It’s tempting to root for Christina Aguilera—she has at least a half-dozen pop classics under her belt and possessed the best pure voice of the Y2K teenpop crop. But as any contestant on her former chair-swiveling grounds The Voice can tell you, talent is only half the story; you need, to borrow another singing competition’s tagline, an “x factor.” Aguilera has spent this decade in search of that magic ingredient. Collaborations with lesser bros like A Great Big World and Maroon 5 brought her back to radio and the Hot 100, but her own efforts—the splashy Burlesque, the overegged-pudding-like Bionic, the blissed-out Lotus—stalled. Despite the occasional shooting-star track like Lotus’ bubblicious “Red Hot Kinda Love” and Bionic’s stompy “I Hate Boys,” Aguilera’s albums felt labored, their trend-chasing just a bit behind the times, their splashiness leaving listeners feeling waterlogged.
Liberation, Aguilera’s first full-length in six years, comes at a curious time for female pop stars, who have been marginalized by the streaming-borne hegemonies that allowed Post Malone to somehow become worthy of multiple No. 1 singles. To compound that, Aguilera is an outlier in pop’s upper echelons: not because of her advanced-for-radio age (she’s 37), but because of her voice, which remains a powerful force, full with life and personality and able to leap octaves. In a time when women are often reduced to dishwater-dull “featuring” presences on songs about and by not very interesting men, Aguilera’s audacity is a breath of fresh air, even as Liberation keeps pace with the times by draping itself in chilled-out beats and downcast minor keys.
Aguilera introduced Liberation with “Accelerate,” a skittering Kanye West-produced track that recalls Life of Pablo’s moody minimalism while offering a more au courant take on the sex-positive vibes Aguilera offered up on “Dirrty.” It was an odd choice on its face, but in the context of Liberation and Aguilera’s career, it makes sense; since the Stripped days she’s twinned owning her sexuality with standing up for herself, and the bedroom-minded cuts on Liberation continue that trend. “Pipe” is slinky enough that its grooves aren’t upset by the unfortunate central metaphor. “Like I Do,” which finds Aguilera sparring with the D.C. MC GoldLink, pivots on a gossamer flute-and-keyboard groove that brings to mind the sinuous backing track of “Genie in a Bottle” (which gets name-checked in the lyrics) while also sounding like it was beamed in from 15 minutes in the future.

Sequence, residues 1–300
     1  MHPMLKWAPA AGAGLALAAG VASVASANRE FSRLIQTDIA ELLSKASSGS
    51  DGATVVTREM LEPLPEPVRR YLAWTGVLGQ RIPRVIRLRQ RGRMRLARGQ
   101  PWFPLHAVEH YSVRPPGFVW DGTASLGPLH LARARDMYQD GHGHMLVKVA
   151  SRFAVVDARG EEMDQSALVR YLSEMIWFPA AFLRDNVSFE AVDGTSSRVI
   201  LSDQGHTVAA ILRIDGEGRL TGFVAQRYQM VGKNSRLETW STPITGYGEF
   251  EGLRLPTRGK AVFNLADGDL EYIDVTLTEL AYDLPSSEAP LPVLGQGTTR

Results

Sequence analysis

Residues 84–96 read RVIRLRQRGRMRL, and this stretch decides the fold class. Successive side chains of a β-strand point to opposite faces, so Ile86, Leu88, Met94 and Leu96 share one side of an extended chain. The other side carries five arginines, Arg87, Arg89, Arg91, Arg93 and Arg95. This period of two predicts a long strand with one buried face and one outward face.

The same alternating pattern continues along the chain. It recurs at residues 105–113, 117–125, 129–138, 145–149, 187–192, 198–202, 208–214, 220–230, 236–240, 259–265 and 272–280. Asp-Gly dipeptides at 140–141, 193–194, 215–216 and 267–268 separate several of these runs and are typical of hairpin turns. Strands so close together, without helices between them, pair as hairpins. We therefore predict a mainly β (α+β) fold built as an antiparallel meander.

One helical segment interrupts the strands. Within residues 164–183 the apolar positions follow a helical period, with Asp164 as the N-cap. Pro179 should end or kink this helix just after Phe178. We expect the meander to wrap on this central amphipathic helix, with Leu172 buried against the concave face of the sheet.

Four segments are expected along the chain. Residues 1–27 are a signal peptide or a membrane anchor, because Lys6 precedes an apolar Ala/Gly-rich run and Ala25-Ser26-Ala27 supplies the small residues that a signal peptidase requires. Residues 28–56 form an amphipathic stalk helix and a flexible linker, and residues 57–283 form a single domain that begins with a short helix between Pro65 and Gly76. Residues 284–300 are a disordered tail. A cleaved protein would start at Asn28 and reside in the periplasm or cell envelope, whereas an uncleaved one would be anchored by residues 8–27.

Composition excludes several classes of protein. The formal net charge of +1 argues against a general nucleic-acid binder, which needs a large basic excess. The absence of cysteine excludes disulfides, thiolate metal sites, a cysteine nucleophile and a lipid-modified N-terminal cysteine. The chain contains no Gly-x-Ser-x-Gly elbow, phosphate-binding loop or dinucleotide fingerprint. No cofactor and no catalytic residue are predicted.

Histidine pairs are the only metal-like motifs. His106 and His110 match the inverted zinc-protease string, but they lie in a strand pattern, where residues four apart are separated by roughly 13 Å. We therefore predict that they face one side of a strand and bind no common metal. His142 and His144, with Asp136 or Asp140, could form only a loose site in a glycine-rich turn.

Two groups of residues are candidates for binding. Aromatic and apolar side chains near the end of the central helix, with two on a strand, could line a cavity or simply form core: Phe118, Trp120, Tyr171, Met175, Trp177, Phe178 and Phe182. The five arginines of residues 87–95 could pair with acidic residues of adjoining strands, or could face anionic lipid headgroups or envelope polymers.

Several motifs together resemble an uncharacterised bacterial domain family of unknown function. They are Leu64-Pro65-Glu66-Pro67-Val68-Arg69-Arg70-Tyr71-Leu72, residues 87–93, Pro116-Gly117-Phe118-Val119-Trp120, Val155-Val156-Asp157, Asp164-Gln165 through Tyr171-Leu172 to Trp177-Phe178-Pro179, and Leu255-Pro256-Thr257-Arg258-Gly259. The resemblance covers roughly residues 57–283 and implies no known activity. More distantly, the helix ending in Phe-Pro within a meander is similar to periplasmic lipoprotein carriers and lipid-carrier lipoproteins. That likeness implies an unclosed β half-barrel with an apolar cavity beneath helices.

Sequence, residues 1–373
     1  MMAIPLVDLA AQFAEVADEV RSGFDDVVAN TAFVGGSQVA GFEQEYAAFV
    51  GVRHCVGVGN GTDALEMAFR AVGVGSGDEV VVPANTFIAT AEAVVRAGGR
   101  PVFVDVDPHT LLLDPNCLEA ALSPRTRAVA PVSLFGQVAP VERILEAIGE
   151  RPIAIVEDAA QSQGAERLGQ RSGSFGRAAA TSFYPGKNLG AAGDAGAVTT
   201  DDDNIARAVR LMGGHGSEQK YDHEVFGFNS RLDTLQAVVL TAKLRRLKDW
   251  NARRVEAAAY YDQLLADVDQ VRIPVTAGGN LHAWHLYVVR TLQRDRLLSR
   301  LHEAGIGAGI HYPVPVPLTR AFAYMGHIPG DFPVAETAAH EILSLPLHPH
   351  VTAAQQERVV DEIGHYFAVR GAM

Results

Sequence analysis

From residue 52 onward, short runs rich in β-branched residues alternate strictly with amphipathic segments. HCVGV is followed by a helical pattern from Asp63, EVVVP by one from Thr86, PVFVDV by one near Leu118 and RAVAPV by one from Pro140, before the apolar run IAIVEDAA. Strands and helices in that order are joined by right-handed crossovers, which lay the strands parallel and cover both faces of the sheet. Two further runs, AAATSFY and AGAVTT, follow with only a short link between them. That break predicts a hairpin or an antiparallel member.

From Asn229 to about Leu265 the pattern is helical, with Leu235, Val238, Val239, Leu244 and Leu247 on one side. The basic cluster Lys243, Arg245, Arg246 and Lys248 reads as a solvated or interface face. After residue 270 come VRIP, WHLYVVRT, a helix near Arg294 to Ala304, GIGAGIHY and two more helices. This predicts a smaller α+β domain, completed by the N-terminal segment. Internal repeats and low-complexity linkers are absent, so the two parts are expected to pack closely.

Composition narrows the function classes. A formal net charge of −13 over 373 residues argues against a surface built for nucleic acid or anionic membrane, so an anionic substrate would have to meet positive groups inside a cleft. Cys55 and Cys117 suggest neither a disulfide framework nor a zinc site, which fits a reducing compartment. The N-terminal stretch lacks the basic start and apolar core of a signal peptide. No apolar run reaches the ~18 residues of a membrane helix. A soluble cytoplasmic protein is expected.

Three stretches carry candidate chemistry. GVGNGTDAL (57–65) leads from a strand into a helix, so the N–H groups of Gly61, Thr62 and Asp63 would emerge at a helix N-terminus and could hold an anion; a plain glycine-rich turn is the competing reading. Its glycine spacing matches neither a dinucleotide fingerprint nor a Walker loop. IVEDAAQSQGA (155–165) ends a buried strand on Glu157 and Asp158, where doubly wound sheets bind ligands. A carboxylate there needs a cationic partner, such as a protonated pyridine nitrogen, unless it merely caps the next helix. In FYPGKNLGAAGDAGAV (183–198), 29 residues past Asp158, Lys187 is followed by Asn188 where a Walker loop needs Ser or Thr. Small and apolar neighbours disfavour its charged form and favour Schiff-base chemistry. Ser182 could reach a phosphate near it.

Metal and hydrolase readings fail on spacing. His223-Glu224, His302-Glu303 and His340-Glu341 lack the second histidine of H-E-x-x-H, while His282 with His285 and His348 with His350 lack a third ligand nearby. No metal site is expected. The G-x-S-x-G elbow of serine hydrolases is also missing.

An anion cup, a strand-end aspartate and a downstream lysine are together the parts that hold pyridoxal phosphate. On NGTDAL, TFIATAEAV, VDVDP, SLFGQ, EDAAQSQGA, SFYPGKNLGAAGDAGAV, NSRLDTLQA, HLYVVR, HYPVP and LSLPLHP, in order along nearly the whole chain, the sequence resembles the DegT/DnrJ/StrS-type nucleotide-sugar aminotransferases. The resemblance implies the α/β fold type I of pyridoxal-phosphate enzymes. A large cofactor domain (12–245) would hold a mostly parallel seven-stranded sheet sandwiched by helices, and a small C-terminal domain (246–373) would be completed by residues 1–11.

A few brief interludes stitch together the album’s other notions of “liberation,” with Aguilera singing a tsk-tsk snippet from The Sound of Music’s “Maria” on “Searching for Maria” and “Dreamers” collaging audio footage of young girls discussing their grown-up ambitions. The Anderson .Paak-produced big-dick-rock cut “Sick of Sittin'” (“I survived the dark ages / But the former trailblazer took out the knife and cut ties,” she spits), the regret-tinged Michael Jackson flip “Maria” (West’s other production, obviously), and the Demi Lovato-assisted #MeToo anthem in waiting “Fall in Line” also stake out this territory—although the stretched-out voice demanding “Who told you how to think?” in response to Lovato and Aguilera’s declarations of strength on the latter punctures the pop escapism in a not entirely pleasant way.
Aguilera leans into her liberation most convincingly on the album’s ballads, which let her flaunt the voice that made her stand out from the Mickey Mouse Club pack all those years ago. “Deserve,” which was co-written by American hit crafter Julia Michaels and British songsmith MNEK, throws a tantrum in marabou slides, Aguilera’s smoothing-over of chronic passive aggression and endless squabbling opening up into a big chorus that combines self-laceration and melisma. “Twice” is contemplative and wounded, its stripped-down setup made for mid-show bits where a single spotlight shines on Aguilera, a piano, and a stool. “Unless It’s With You” is the show-stopping closer, Aguilera coming around to fealty after laying out her neuroses about settling down, her all-in vocal giving away the answer to the lyrics’ questions about whether or not marriage is worth it.
In the end, Liberation’s narrative is a tale as old as time. But the journey between points A and bride gets both raucous and deep along the way; the productions by .Paak in particular tease out directions that Aguilera (and, one hopes, pop on the whole) can take even further once culture is done with its latest masculinity crisis. In the meantime Aguilera lets her talent fly as high as her freak flag, solving pop’s current obsession with box-ticking by nudging their lines into shapes more her liking.